The Remote Viewers - Last Man In Europe [ReR Megacorp - 2018]Last Man in Europe is the 16th album from this British avant jazz three-piece. The CD album brings together eleven examples of searing–to-wonderfully angular jazz- that moves from forceful & jarring, onto soured & slurred, through to twitching & nervy.
The Remote Viewers formed in1997, releasing their first album Low Shapes In Dark Heat in 1998. And since then they’ve steady released a fairly impressive body of work- with the album releases like the five-CD box set 2007’s Control Room, and the double CD album 2009’s Sinister Heights. I’d certainly heard The Remote Viewers name in passing, but the Last Man In Europe is my first taste of their work and must say I was most impressed by its blend of tension, angular atmospheric, and often searingly sinister mood.
For this album, the line-up consists of Bandleader & Tenor Sax Player David Petts, John Edwards on Acoustic bass, and Adrian Northover on Soprano Sax. Each of the eleven tracks run between just under a minute, and over the seven & a half minute mark- with a sweet spot total album run time of forty-six minutes. We move from the Jantingly-angular horn work & throbbing bass slap ‘n’ buzz of the opening track “The Noise Of History”. Onto the nervy uncoiling sax honk & twanging bass uneasy of “The Night Before The Journey”. Through to the violent bass slap 'n' prod meets seesawing-to-boiling sax play of the seven & a half minute title track. Onto the carefully picked uneasy of the outro track “The Tranquil Life”- which is all loose galloping bass picks 'n' creaks, blended with sudden darting squiggles of horn wail & moody bay.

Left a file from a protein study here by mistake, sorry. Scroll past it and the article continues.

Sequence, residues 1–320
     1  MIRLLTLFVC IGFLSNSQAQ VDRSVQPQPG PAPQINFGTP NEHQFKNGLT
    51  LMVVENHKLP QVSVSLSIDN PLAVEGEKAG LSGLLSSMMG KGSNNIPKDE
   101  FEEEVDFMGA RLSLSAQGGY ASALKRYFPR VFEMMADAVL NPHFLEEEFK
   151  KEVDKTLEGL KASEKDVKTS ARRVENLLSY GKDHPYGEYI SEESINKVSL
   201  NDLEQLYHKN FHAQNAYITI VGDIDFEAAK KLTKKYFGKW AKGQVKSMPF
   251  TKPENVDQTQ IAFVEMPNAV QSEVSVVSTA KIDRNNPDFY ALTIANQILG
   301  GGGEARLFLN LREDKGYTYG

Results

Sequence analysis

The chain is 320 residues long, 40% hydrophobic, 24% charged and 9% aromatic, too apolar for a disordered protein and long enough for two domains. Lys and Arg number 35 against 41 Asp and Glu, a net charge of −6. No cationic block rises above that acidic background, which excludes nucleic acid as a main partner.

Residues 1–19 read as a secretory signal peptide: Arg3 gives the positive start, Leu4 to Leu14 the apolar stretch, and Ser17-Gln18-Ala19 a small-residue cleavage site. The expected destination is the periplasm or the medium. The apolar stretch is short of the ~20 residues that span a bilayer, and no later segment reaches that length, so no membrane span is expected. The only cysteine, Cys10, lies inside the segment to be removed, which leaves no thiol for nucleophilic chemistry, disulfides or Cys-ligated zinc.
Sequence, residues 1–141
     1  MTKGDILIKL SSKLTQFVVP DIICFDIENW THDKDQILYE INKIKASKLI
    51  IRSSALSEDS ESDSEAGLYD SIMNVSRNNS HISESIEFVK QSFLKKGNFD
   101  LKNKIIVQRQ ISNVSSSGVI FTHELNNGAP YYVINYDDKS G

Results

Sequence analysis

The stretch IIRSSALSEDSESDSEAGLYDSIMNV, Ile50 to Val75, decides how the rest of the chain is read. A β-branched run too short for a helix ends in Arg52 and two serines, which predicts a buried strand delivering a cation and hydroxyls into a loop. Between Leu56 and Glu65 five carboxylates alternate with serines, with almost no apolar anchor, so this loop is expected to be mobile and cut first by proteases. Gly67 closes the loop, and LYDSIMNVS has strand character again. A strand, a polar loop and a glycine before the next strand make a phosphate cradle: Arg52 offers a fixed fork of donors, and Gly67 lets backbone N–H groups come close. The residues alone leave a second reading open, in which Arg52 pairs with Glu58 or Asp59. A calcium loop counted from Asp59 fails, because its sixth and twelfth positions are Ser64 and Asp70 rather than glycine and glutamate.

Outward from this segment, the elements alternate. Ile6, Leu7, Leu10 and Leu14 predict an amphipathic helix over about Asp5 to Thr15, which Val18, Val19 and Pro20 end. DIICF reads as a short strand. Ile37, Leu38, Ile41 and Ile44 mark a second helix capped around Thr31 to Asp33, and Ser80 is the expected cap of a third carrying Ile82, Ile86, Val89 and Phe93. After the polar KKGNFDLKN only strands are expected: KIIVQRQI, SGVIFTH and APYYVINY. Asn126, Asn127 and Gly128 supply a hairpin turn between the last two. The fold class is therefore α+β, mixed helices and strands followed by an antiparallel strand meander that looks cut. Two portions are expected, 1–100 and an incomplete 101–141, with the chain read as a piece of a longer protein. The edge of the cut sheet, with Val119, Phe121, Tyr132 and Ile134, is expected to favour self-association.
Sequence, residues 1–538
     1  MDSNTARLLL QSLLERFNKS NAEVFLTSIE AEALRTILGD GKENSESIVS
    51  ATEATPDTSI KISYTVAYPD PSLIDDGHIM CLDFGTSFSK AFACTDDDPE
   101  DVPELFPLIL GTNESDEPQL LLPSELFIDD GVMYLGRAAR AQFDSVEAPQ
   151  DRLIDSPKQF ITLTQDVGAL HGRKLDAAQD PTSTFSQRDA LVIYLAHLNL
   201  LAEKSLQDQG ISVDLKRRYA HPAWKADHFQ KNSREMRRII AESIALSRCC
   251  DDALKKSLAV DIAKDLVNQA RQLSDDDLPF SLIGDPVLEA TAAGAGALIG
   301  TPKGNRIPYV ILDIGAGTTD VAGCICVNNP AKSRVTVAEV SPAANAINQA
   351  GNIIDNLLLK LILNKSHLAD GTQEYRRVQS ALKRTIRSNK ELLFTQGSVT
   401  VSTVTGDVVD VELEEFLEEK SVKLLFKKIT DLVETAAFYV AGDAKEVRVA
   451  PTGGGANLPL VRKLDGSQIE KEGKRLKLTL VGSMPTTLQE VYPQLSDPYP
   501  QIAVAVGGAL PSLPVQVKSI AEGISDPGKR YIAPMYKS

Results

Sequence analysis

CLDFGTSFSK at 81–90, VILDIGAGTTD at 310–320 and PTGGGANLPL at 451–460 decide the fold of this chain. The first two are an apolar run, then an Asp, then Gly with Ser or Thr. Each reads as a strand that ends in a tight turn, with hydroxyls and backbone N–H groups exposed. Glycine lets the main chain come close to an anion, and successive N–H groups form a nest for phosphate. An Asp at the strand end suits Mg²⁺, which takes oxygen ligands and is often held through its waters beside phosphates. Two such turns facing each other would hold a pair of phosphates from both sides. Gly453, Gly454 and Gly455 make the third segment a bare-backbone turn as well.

One of the true joys, pleasures & privileges of reviewing for M[m] is when one gets something unexpected & surprising sent through, which simple bowls you over, and that’s exactly what the Last Man in Europe did for me. If you’re a fan of angular, taut, yet bleakly moody avant jazz- you really need to check this album out. Roger Batty